What Is Osteoporosis?
Osteoporosis also known as “brittle bone disease” is a condition when the bone rapidly loses its density. The bones become very brittle and subject to fracture easily as it becomes less dense at the core.
There typically are no symptoms in the early stages of bone loss. But once your bones have been weakened by osteoporosis, you may have signs and symptoms that include:
- Back pain, caused by a fractured or collapsed vertebra
- Loss of height over time
- A stooped posture
- A bone fracture that occurs much more easily than expected
The hip bone is the part of the body that is usually affected in the case of osteoporosis. Weakening of the bone especially affects women at their menopausal stage which leads to decreased production of estrogen, a female hormone that keep the bones strong. Although women 50 years or older are most at risk for osteoporosis, younger women and men can also be affected.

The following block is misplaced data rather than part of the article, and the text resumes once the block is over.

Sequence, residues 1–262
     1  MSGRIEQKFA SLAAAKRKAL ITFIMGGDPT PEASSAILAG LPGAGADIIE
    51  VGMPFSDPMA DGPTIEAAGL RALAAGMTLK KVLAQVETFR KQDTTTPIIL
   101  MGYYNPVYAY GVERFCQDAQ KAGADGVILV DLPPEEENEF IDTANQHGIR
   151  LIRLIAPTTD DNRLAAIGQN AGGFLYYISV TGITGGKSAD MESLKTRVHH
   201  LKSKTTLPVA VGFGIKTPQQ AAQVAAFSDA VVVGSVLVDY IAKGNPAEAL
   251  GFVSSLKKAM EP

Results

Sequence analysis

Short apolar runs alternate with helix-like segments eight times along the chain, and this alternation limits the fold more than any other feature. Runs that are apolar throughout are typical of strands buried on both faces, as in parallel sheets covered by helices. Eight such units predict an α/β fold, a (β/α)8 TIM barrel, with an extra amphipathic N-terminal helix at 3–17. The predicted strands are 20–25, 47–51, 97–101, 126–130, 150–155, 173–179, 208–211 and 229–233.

Peak bone mass is attained by the age of 30. After that, bone mass gradually decreases. In pregnant and lactating women, the pace of bone loss will temporarily increase if the increased calcium demands of pregnancy or breastfeeding are not met by increased dietary intake of calcium.